Bully. Victim. ONLOOKER. Ally.
1. The bystander didn’t ask to be a part of the action. She was just there when the bully and the victim event happened.
2. How the onlooker reacts depends on internal and external conditions.
- External: what are other bystanders doing about the situation? How risky is it to intervene?
- External: what is the bystander’s relationship to the victim or the bully?
- Internal: how emotionally involved is the bystander? Is he intimidated, incensed, or indifferent?
- Internal: to what degree does a sense of justice motivate the bystander?
The bystander’s decision about what to do is based on perceived risks and benefits – those represented by the current situation as well as the bystander’s past experience. How did it turn out the last time she stuck up for her friend?
Moral courage is doing the “right” thing despite the perceived risks or costs. Having moral courage in a testing situation, depends on on a person’s prior experiences. Trinity School children sit in Chapel every day. They hear and discuss the very human stories of Biblical people struggling to make the right decisions or having to live with the complications of their actions. Then too, parents and teachers modeling and talking about their moral decision making also informs children. Every child know what is right. But why doesn’t every child (or adult person on the planet) do the right thing?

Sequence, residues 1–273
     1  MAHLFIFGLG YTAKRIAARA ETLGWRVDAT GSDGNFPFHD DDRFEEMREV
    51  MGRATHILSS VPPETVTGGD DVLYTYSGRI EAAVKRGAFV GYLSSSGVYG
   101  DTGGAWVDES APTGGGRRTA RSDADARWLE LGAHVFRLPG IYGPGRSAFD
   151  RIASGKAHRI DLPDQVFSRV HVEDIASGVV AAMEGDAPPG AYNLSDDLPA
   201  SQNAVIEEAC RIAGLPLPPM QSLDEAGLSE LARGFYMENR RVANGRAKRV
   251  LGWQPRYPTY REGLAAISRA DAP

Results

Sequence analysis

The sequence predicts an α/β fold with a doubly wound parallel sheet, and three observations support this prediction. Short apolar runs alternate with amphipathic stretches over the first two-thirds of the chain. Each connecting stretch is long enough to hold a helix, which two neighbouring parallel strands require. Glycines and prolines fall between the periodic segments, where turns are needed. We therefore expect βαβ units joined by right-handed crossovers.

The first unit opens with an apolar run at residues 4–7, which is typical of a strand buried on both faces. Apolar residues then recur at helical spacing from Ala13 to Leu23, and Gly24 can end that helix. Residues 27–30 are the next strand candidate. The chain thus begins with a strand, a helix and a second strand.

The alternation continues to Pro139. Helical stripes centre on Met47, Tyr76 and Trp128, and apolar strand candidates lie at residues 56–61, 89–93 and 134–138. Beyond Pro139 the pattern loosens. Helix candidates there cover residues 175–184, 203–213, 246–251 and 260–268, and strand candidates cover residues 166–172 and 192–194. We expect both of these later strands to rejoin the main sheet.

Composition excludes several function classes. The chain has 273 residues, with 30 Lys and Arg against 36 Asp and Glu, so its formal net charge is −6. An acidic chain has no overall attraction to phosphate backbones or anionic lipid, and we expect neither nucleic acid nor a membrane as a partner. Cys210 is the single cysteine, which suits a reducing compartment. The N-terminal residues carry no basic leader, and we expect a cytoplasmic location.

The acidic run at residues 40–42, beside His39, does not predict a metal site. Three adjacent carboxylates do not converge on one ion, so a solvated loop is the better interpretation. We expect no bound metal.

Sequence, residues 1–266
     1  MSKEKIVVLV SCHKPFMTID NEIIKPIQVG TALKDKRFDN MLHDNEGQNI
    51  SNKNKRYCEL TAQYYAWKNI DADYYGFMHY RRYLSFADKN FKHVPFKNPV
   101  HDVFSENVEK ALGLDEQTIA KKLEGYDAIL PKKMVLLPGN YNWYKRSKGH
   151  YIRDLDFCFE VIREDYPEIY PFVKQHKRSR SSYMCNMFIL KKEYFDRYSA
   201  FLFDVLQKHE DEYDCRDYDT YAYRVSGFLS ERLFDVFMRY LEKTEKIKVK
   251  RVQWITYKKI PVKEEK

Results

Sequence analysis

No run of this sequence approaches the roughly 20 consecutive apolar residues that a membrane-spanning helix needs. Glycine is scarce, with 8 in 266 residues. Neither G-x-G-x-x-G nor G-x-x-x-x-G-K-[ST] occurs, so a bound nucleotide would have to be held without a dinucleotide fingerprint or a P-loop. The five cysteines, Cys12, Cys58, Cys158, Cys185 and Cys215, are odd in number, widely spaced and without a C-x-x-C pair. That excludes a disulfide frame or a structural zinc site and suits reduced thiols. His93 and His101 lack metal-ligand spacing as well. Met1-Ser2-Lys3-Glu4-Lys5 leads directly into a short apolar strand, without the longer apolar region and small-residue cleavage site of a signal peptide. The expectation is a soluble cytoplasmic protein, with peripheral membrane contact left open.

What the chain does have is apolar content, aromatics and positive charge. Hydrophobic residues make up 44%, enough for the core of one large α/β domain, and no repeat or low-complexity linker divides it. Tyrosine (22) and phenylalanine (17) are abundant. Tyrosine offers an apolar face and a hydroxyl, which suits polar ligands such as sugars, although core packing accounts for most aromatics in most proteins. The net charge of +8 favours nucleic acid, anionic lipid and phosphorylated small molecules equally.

Despite moral training and education, the most powerful indicator of whether or not a child will intervene rather than be a bystander is the child’s own experience of what happened last time.
Learning to transfer the example of what someone else did to your current situation and having the presence of mind to use that example as the basis for making your own decision to act is a huge leap.
We can help children strengthen their moral courage “muscles”:
- without judgment, help a child talk through what he or she saw
- help the child explore how each person in the situation – bully and victim and bystander – was affected
- help the child articulate how the situation made him feel
- help the child explore all the actions that each person (bully, victim, bystander) might have done differently
- help the child think through two or three things she could do in a similar situation such as shouting to draw attention to the situation or going for help
As the adults who love and care for them, we watch, we intervene, we teach, we support, and we help each child start again when things didn’t turn out so well.
Because the playground is the real deal for children. It is where everything the child knows about how to be a fully functioning human on this planet gets tried on, tried out. As children try out their ideas about autonomy and power and interdependence, each child will take on the roles of bully, victim, onlooker, and ally. As children migrate in and out of these roles, they are building their own version of the world.